Common Name(s): Limba, Black Limba, White Limba, Korina, Afara
Scientific Name: Terminalia superba
Distribution: Tropical western Africa
Tree Size: 65-100 ft (20-30 m) tall, 5-7 ft (1.5-2.2 m) trunk diameter
Average Dried Weight: 35 lbs/ft3 (555 kg/m3)
Specific Gravity (Basic, 12% MC): .43, .56
Janka Hardness: 670 lbf (2,990 N)
Modulus of Rupture: 12,510 lbf/in2 (86.2 MPa)
Elastic Modulus: 1,520,000 lbf/in2 (10.49 GPa)
Crushing Strength: 6,580 lbf/in2 (45.4 MPa)
Shrinkage: Radial: 4.3%, Tangential: 6.3%, Volumetric: 10.8%, T/R Ratio: 1.5
Color/Appearance: Heartwood is a light yellowish to golden brown, sometimes with grey to nearly black streaks and veins. Wood with such darker figuring is referred to as Black Limba, while plain unfigured wood is called White Limba. Sapwood is a pale greyish to yellowish brown, not clearly demarcated from the heartwood. Color tends to darken with age.
Grain/Texture: Grain is straight to slightly interlocked, with a uniformly coarse texture. Moderate natural luster.
Endgrain: Diffuse-porous; solitary and radial multiples; medium to large pores in no specific arrangement, very few; tyloses and other heartwood deposits common; parenchyma vasicentric, winged, confluent, and sometimes banded; narrow rays, spacing fairly close.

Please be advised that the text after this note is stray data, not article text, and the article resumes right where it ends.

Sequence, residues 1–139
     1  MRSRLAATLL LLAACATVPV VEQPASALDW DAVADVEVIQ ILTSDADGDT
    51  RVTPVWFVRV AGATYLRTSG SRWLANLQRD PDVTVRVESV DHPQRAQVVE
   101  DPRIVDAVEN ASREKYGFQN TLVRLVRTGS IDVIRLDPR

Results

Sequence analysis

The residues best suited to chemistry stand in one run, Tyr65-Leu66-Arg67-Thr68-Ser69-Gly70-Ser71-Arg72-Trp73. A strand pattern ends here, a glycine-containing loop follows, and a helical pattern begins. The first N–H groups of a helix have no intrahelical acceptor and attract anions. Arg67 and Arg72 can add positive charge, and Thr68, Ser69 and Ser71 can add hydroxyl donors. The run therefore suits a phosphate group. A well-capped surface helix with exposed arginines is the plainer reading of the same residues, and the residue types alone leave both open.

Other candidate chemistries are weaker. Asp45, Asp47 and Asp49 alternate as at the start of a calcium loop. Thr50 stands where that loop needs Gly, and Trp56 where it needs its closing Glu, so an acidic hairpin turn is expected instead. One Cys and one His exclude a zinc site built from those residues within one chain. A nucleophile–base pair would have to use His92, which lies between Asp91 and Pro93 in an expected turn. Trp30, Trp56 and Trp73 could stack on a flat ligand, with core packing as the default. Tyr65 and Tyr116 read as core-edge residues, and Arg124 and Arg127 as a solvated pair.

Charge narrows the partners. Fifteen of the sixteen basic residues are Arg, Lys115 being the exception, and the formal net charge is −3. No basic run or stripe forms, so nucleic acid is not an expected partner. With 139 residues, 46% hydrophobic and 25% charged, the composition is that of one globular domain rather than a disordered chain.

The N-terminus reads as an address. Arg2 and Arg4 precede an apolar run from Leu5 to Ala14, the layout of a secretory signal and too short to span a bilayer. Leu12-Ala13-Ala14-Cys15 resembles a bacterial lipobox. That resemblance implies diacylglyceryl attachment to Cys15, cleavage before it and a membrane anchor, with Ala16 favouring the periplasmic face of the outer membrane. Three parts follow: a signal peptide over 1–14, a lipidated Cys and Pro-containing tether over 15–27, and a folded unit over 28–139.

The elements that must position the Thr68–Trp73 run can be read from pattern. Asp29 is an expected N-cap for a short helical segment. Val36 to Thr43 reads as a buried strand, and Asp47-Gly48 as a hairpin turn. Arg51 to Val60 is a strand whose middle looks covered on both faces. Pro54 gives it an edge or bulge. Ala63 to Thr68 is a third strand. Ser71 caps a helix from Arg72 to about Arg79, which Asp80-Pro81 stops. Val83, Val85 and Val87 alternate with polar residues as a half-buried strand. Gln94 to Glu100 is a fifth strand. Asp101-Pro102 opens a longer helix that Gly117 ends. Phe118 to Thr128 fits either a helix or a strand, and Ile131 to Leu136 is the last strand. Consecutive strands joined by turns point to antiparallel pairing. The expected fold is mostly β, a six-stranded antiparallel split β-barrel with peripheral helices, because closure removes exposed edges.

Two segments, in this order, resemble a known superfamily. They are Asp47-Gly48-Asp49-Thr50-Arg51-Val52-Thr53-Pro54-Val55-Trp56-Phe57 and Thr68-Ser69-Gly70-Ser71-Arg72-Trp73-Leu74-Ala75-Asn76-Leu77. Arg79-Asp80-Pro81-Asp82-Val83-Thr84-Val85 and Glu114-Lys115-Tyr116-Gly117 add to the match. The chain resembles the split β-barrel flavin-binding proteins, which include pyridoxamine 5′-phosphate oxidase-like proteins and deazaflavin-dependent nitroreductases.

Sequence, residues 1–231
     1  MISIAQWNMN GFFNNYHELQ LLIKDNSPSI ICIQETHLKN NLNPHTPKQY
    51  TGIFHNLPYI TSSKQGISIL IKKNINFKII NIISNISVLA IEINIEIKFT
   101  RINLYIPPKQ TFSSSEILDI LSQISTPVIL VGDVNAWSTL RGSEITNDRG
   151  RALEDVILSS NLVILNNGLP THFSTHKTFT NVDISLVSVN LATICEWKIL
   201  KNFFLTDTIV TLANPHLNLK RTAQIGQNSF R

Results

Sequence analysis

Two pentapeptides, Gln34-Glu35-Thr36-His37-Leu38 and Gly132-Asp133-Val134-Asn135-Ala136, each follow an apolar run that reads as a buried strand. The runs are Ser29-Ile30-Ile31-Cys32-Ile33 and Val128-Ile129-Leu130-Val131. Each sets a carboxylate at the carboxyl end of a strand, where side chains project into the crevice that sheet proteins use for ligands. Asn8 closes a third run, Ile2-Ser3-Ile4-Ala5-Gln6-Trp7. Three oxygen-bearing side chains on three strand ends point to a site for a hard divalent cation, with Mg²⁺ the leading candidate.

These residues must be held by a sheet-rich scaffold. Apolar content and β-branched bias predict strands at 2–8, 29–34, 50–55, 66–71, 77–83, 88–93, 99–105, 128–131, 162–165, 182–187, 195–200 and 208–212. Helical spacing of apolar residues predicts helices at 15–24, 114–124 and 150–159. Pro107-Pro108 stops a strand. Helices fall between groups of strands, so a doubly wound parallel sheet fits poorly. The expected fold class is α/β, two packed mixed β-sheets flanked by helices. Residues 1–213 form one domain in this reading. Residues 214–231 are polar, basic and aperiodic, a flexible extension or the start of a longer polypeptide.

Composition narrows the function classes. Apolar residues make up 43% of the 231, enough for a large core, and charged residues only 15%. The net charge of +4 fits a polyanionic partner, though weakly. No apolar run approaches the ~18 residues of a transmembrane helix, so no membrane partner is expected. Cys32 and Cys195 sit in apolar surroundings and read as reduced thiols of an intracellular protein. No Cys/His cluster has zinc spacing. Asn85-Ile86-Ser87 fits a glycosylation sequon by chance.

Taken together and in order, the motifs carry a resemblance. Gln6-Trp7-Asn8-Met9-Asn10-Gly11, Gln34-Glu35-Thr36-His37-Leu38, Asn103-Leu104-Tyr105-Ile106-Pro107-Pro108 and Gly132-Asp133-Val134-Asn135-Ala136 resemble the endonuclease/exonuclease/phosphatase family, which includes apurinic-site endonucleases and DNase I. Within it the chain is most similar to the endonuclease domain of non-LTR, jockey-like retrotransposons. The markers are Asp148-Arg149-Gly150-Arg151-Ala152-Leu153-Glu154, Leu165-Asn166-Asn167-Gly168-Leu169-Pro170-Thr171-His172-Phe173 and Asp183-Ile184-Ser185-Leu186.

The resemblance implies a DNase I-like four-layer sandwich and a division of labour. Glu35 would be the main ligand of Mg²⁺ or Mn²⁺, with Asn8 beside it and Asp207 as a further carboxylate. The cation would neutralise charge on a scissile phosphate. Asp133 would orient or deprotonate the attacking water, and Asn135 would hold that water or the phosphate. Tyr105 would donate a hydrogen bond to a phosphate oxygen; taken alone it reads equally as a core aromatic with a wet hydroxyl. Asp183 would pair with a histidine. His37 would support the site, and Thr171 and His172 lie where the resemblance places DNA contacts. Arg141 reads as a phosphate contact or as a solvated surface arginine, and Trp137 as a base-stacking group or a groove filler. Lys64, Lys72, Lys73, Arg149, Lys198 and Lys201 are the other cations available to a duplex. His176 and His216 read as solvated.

Rot Resistance: Rated as non-durable, and also susceptible to insect attack.
Workability: Easy to work with both hand and machine tools. Contains a small amount of silica, but blunting effect on cutters is usually small. Glues and finishes well.
Odor: Limba has a mild odor while being worked.
Allergies/Toxicity: Although severe reactions are quite uncommon, Limba has been reported to cause skin irritation and respiratory irritation, as well hives, asthma-like symptoms, and bleeding of the nose and gums. Splinters also tend to become infected and take longer than usual to heal. See the articles Wood Allergies and Toxicity and Wood Dust Safety for more information.
Pricing/Availability: In relatively good supply and available in board and veneer form. Prices are moderate for an imported hardwood, though figured wood such as Black Limba is likely to be more expensive.
Sustainability: This wood species is not listed in the CITES Appendices or on the IUCN Red List of Threatened Species.
Common Uses: Veneer, plywood, furniture, musical instruments (electric guitar bodies), and turned objects.
Comments: This wood goes by a number of names, and historically has been called Afara or Korina, in addition to its now-prevalent moniker Limba.
Scans/Pictures: A special thanks to Steve Earis for providing the veneer sample of this wood species (White Limba).